Once we assign students to ensembles, we work with the principals, helping them with sectional planning; have students bring difficult passages into lessons; assist the auxiliary players with those instruments; coach the orchestra clarinets when needed. 

We have excellent ensemble directors who plan a well-balanced variety of repertoire for all ensembles. We rotate the orchestra clarinets so our top upperclassmen receive experience both in the orchestra and as leaders in the wind ensemble. We check in with ensemble directors to make sure the clarinets are performing up to their expectations. Being married to our director of bands, I have an inside scoop to what is needed in ensembles.

Your innovative programming for clarinet choirs is known around the world. What is it about the Crane Clarinet Choir that keeps it ahead of all others?

RS: We select works that present a diverse palate of musical styles and challenges. Many have been specifically written for us. Seniors conduct on the concert and we also feature soloists. As I tell the group, “be aggressive musically, challenge yourself to be the best member of the choir you can be. Always prepare and be ready to succeed. But, most importantly, HAVE FUN.”

JKD: Raphael’s passion for clarinet choir is a driving force. The students have no idea what a great ensemble we have, they just work hard and play their best. They enjoy playing the repertoire and in the group. It shows! The students learn to listen, play in tune, and blend as an ensemble. It is a great opportunity to train ensemble skills and it carries over into the bands.

Having worked with you both, as well as with your students, I’ve seen that you’ve created an amazing culture of open, shared learning and camaraderie between your two studios. How was this culture developed and how do you maintain it?

We, ourselves, are learners. We thrive off each other and enjoy our daily collaborations and discussions. The students see that, and it permeates their own learning and collaborations. We lead by example. It’s the best and healthiest way to facilitate our nurturing culture.

Raphael and I set this example ourselves and the students follow. We work together and encourage our students to do the same.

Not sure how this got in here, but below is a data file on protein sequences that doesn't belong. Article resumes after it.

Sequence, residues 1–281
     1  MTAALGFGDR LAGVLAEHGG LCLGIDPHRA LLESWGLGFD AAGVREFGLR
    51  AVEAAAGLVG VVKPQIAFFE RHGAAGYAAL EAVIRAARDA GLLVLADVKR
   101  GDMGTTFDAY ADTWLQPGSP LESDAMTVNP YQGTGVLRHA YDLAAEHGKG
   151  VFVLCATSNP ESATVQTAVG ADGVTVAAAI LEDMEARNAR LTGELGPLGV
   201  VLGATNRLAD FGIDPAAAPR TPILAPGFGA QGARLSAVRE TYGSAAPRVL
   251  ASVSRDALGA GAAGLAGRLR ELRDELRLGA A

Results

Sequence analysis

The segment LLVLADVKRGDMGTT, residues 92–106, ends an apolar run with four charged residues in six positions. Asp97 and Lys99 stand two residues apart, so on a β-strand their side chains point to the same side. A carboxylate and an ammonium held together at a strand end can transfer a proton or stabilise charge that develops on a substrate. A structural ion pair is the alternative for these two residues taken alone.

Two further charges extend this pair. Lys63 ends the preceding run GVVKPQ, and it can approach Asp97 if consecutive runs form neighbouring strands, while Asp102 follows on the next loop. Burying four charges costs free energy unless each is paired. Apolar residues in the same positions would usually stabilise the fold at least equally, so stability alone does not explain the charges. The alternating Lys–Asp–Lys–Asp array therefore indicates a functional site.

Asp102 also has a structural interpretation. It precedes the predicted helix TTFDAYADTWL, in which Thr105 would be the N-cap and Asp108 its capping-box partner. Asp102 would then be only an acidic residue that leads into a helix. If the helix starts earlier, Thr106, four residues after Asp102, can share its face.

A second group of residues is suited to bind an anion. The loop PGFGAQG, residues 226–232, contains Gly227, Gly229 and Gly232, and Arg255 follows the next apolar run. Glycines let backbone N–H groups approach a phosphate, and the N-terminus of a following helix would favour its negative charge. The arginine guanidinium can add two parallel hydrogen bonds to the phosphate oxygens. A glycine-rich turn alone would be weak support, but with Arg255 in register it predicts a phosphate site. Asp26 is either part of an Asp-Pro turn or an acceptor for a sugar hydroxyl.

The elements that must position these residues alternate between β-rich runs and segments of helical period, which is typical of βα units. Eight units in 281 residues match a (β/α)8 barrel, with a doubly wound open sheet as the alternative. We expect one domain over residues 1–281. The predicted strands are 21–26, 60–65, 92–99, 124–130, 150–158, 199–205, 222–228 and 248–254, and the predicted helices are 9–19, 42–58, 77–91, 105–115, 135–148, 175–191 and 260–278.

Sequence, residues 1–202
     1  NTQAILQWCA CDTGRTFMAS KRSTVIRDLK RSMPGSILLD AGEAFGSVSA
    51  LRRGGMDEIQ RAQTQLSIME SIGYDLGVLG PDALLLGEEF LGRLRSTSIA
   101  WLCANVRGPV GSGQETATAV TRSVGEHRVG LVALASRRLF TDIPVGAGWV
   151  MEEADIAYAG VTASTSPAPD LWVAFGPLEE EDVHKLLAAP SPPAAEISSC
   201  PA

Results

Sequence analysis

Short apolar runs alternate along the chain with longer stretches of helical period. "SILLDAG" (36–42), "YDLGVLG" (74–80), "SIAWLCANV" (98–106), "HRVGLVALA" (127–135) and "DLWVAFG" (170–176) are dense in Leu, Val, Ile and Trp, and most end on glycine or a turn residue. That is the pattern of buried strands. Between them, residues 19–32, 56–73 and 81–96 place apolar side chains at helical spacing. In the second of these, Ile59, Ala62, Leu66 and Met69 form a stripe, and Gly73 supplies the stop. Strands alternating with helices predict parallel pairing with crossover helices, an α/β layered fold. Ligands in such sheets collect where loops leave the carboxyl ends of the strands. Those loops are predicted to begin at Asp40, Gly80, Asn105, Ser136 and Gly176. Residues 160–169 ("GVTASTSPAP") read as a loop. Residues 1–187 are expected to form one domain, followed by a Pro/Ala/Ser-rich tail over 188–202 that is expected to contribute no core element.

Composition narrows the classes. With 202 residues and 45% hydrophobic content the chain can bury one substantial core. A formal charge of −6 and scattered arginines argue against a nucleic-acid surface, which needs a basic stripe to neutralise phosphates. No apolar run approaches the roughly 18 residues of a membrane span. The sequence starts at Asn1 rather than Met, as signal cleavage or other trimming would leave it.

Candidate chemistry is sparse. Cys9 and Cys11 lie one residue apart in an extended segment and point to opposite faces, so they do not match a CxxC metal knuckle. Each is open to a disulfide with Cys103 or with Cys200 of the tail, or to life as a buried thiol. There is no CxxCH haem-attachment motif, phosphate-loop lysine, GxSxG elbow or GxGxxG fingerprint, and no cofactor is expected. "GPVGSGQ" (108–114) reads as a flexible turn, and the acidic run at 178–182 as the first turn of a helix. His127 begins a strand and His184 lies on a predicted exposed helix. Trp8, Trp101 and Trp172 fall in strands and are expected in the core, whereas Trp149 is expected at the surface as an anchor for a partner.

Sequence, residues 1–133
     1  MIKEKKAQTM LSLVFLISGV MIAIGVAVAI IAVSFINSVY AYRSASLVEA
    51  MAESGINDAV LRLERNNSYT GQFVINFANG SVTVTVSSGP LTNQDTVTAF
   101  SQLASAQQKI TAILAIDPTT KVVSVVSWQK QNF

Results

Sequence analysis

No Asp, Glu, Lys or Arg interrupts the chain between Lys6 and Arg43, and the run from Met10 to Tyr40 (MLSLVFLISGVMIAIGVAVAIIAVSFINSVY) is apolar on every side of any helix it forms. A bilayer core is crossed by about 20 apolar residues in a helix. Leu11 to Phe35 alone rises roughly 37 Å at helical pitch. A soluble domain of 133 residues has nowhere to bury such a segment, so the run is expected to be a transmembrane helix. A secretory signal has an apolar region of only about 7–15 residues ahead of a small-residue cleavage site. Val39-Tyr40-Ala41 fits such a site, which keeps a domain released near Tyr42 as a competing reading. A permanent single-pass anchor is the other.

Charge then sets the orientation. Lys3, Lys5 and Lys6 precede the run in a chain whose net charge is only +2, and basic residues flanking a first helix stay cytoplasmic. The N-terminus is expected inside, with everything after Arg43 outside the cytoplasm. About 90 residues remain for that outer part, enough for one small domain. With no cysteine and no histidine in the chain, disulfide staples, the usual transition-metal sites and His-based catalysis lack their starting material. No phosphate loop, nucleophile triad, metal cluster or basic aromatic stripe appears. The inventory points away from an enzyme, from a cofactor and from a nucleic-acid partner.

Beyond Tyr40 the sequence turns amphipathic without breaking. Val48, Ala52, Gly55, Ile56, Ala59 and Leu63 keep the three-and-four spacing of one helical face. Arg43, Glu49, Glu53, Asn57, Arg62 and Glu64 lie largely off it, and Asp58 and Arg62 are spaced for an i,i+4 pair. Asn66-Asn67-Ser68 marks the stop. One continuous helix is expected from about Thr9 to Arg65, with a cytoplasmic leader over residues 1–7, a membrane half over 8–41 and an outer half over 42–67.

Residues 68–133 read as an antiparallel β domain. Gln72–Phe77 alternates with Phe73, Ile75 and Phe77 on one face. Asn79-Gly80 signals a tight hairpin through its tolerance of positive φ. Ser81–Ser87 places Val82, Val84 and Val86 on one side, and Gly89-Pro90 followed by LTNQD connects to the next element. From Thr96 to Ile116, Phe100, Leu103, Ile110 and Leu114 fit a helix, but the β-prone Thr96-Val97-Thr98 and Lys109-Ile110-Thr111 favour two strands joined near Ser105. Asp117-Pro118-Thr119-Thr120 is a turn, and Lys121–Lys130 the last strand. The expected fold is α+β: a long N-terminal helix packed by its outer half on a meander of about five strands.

What advice do you have for young educators taking on their first job in academia and possibly sharing a studio with a colleague?

RS: Work as a team. Support each other. And most importantly, communicate constantly. Seek to improve. Don’t be afraid to make mistakes.

JKD: Be open minded, try new things, don’t be afraid to express your opinion or share your ideas. Believe in yourself, in your colleagues, and in your students. Never give up on a student. You saw their potential when they auditioned. Help them realize that potential. Help them connect the dots. Take chances in your playing and your teaching. You will only continue to grow as you teach more.

Julianne Kirk Doyle is Professor of Clarinet and Director of the Crane Youth Music Camp at the Crane School of Music at SUNY Potsdam. She performs regularly with the Aria Reed Trio and Eastman Triana. Her primary teachers include Jon Manasse, David Etheridge, and Bradford Behn. Julianne Kirk Doyle is a Backun Artist and performs on MoBa clarinets and accessories.

Raphael P. Sanders, Jr., is Professor of Clarinet at the Crane School of Music, State University of New York at Potsdam. Originally from Hawaii, he has performed with the USAF Band and with orchestras in San Francisco, Houston, New York, and Ottawa, and has taught at the college level in Texas and Nevada. In 1997, he established the I.C.A. Orchestral Audition Competition. He co- directs the Crane Clarinet Choir and performs in the Potsdam Woodwind Quintet, the Orchestra of Northern New York, and the Northern Symphonic Winds. Raphael P. Sanders, Jr. is a Backun Artist and performs on MoBa clarinets and accessories.